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The Whitestown Map
But can we confirm this convincing, but nonetheless hypothetical, assertion with some scrap of primary data; some missing piece in the complex and scattered puzzle of the Upper Mohawk of the eighteenth century?
Fortunately we can, and a more sure proof would be hard to construct if we were to create one for the purpose.
In examining the history of the settlement of Whitestown, one of the modern townships within which our study area falls, we find it is rooted in a subdivision of lands previously known in the eighteenth century as the Sadaqueda Patent. This patent is identified on an 1829 map (right) of the region.40 As described in a regional history, the subdivision occurred in 1784:
Hugh White . . . came by water to Albany, crossed by land to Schenectady, where he purchased a batteau, in which he made passage up the Mohawk River, to the mouth of the Sauquoit Creek. Immediately after the revolution, Judge White became one of the purchasers of Sadaqueda Patent, jointly with Zephanial Platt. . . Ezra L'Hommedieu, and Melancthon Smith. By an arrangement between the proprietors, it was agreed that they should meet on the land in the summer of 1784, and make a survey and partition. Upon the arrival of Judge White, at the mouth of the Sauquoit, a bark shanty was erected for a temporary residence. During the summer the patent was surveyed into four sections, and the particular section of each owner was decided by lot.41
A map previously cited and dated 178442 may be the partitioning of the portion of the Sadaqueda Patent lying north of the river. But a second manuscript (above), discovered at the Oneida Historical Society, anonymous, and tentatively dated circa 1790,43 appears to show the partitioning of lands on the south side of the river, and appears also to confirm our hypothesis.
Clearly seen are the Mohawk River, the intersecting "Sedaghqueda River"and the location of several houses along the old "Oriskene Road." But the astounding feature of this map is the accuracy of the configuration of the Mohawk River, which matches precisely the alignment as we know it existed circa 1800. Moving left to right we see a straight line course across the location of the meander at Area A, the high loop of the river as it enters the boot-shaped meander at B, with that meander drawn just as it appears today, the jog in the channel east of B that denotes the position of meander Area C, the large northward trending boxy loop of the river just west of the Sauquoit Creek intersect, and the intersect itself, drawn out exactly as it still appears. But the feature shown here that we have never seen on any other detailed eighteenth century map is the water-filled loop connected to the river on the westerly leg of the boxy meander, which is, in fact, our own meander Area C.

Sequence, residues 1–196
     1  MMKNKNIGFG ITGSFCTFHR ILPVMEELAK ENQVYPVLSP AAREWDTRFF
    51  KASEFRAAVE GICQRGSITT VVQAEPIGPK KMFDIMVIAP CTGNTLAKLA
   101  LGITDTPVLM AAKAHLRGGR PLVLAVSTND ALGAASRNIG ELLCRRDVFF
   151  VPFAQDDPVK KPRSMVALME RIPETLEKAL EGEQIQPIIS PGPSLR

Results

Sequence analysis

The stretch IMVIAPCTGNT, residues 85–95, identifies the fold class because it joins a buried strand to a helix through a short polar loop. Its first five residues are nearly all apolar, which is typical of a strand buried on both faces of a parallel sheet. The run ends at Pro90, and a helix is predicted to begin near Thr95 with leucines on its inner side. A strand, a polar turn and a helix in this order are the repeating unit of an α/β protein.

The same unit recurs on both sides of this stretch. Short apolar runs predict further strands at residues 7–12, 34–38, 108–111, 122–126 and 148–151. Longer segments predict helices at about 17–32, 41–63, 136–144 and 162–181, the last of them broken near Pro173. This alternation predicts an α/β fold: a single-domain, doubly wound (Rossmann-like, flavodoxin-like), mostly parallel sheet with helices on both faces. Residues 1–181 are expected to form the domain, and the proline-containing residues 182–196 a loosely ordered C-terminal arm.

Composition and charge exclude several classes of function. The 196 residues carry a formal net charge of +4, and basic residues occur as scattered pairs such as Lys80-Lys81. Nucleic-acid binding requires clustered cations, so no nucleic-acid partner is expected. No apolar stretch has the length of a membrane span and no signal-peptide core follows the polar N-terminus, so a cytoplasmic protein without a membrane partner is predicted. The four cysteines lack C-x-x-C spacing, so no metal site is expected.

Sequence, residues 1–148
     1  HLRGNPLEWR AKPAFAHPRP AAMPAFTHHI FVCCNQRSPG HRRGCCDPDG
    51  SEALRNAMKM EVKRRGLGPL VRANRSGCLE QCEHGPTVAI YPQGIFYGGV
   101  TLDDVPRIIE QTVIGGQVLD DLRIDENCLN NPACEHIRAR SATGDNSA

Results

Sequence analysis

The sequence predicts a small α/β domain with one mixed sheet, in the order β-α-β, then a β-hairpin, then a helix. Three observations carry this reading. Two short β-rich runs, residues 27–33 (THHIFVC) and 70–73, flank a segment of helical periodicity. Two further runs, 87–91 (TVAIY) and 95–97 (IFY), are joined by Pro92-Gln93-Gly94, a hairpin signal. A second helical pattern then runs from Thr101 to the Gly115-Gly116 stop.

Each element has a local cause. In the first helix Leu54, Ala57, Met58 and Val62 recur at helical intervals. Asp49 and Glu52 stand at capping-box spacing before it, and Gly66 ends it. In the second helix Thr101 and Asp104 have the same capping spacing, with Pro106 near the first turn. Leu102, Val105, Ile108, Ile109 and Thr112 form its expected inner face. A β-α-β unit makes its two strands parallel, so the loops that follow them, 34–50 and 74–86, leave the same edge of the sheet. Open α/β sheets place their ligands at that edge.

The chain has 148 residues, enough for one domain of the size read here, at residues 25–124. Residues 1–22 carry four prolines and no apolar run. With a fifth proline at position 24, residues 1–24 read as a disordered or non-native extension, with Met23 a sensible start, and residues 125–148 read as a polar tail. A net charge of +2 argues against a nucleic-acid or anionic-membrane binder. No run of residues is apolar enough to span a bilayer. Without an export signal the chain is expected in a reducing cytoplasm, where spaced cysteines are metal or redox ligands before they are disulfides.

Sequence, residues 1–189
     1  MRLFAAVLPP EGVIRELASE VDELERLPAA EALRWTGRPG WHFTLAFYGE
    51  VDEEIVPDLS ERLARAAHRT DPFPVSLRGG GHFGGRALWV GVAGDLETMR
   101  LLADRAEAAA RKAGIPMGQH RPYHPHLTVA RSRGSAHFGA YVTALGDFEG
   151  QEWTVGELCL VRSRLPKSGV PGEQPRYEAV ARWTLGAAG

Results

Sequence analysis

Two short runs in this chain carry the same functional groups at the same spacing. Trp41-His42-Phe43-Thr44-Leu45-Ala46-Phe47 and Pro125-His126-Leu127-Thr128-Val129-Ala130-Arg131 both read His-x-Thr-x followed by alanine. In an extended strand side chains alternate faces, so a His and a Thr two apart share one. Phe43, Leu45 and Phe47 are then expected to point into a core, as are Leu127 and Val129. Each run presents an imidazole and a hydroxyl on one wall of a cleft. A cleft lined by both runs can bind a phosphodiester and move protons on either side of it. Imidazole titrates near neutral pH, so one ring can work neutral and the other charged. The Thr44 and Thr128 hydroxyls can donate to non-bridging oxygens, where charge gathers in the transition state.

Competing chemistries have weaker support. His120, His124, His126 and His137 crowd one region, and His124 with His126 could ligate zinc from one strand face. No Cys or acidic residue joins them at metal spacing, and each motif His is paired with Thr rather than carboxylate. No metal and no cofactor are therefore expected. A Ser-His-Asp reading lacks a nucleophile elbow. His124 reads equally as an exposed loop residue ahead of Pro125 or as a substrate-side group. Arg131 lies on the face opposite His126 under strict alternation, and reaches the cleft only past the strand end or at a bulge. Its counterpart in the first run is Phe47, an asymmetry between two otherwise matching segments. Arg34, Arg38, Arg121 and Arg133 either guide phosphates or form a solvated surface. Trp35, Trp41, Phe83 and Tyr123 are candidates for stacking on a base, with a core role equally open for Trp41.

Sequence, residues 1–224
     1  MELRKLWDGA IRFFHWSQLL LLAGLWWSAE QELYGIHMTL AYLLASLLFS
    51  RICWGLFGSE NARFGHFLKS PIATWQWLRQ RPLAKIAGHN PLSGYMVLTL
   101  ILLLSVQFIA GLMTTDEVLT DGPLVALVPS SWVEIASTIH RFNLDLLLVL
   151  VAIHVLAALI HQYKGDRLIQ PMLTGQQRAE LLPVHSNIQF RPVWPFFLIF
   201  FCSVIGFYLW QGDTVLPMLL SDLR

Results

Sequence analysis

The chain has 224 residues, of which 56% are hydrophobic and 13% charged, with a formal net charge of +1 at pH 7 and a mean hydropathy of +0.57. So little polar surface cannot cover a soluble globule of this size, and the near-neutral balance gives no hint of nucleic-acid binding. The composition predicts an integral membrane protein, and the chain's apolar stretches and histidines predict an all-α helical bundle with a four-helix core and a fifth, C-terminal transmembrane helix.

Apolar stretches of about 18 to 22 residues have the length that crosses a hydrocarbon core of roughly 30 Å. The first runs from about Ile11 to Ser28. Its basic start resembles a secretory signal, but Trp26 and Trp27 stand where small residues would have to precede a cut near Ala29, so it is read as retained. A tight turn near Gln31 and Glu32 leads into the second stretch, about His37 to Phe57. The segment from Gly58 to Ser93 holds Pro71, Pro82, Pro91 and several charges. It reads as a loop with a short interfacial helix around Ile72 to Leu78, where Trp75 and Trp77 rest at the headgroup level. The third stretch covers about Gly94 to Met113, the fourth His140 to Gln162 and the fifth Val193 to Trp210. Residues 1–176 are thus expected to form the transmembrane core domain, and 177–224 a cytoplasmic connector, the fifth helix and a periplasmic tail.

This map clearly shows that historically Area C was watered and connected to the main channel, exactly as indicated on the British maps of "the Neck" drawn in the 1750s. It also seems to indicate a much greater separation of the main channel from the west arm of the loop than is evident today, suggesting confirmation of our hypothesis about a rapid eastward migration of the main channel here, perhaps due to the destabilization of the river by an artificial cut. The dry channel noted in the field just west of the old river bed may be the position of the river portrayed on this circa 1790 map.
This map shows that in 1790 both Area A and Area B were already fixed in their terminal configurations, but Area C continued to evolve after 1790, suggesting the introduction of a destabilizing influence (the canal) prior to 1790. In addition, the map appears to establish the relative ages of the two cut-off meanders, Area A and Area C, with Area C being the youngest.
The question arises as to why this rather dramatic loop is shown here but omitted from other maps drawn at the same period. It can be noted that on this map the island formed within the loop of the meander at C is given a lot number and acreage. Apparently there was some concern that this 7 acre parcel be correctly assigned in the division of lands here. This could only have been at issue if meander loop C was connected to the river and if the land within it was in fact an island, completely surrounded by water. Had it merely been an ox-bow, as it is today, there would have been no ambiguity about its attribution.
Why then are other maps of lands in this area not also mindful of the peculiar nature of this feature in drawing up their boundaries? Probably because all the earlier property maps divided these lands more broadly, being divisions of land on the north side of the Mohawk from lands on the south side, and including this loop of the river totally within a single parcel assigned to a single owner.
Then there is the tantalizing mystery of the date, or number - "1730" - entered on the bottom of the map. There seems little doubt this was written at the same time the map was drawn. There is equally little doubt the map post-dates 1784, the year in which the owners named on the parcel first moved to this property and commissioned the partitioning of the lands. Could the date refer to an earlier base map on which the partitioning was later added? Or is it just a file number that, by some bizarre coincidence, is the same as the date of the construction of "the Neck" which only this map accurately portrays? We may never know.Home
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